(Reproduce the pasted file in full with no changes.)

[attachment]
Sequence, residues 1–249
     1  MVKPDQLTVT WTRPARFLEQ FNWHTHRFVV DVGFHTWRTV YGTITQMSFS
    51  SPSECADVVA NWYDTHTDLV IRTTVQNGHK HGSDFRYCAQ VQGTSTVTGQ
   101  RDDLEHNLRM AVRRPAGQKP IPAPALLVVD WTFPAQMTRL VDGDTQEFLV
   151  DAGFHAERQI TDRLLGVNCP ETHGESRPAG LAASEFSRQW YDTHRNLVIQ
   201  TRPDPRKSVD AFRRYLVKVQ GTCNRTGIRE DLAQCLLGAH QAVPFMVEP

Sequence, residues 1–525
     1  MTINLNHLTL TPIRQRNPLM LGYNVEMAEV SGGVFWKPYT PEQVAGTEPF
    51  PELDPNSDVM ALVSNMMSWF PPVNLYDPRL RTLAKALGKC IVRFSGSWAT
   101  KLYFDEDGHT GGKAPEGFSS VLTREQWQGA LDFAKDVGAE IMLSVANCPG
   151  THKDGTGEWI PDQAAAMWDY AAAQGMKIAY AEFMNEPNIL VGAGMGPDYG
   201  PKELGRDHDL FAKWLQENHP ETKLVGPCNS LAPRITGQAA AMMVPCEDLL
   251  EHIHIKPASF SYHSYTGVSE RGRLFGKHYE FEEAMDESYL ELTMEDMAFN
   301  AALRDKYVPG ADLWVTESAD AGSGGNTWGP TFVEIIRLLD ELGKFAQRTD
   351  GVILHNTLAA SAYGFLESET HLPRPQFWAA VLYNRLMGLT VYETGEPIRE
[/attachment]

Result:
Sequence, residues 1–249
     1  MVKPDQLTVT WTRPARFLEQ FNWHTHRFVV DVGFHTWRTV YGTITQMSFS
    51  SPSECADVVA NWYDTHTDLV IRTTVQNGHK HGSDFRYCAQ VQGTSTVTGQ
   101  RDDLEHNLRM AVRRPAGQKP IPAPALLVVD WTFPAQMTRL VDGDTQEFLV
   151  DAGFHAERQI TDRLLGVNCP ETHGESRPAG LAASEFSRQW YDTHRNLVIQ
   201  TRPDPRKSVD AFRRYLVKVQ GTCNRTGIRE DLAQCLLGAH QAVPFMVEP

Sequence, residues 1–525
     1  MTINLNHLTL TPIRQRNPLM LGYNVEMAEV SGGVFWKPYT PEQVAGTEPF
    51  PELDPNSDVM ALVSNMMSWF PPVNLYDPRL RTLAKALGKC IVRFSGSWAT
   101  KLYFDEDGHT GGKAPEGFSS VLTREQWQGA LDFAKDVGAE IMLSVANCPG
   151  THKDGTGEWI PDQAAAMWDY AAAQGMKIAY AEFMNEPNIL VGAGMGPDYG
   201  PKELGRDHDL FAKWLQENHP ETKLVGPCNS LAPRITGQAA AMMVPCEDLL
   251  EHIHIKPASF SYHSYTGVSE RGRLFGKHYE FEEAMDESYL ELTMEDMAFN
   301  AALRDKYVPG ADLWVTESAD AGSGGNTWGP TFVEIIRLLD ELGKFAQRTD
   351  GVILHNTLAA SAYGFLESET HLPRPQFWAA VLYNRLMGLT VYETGEPIRE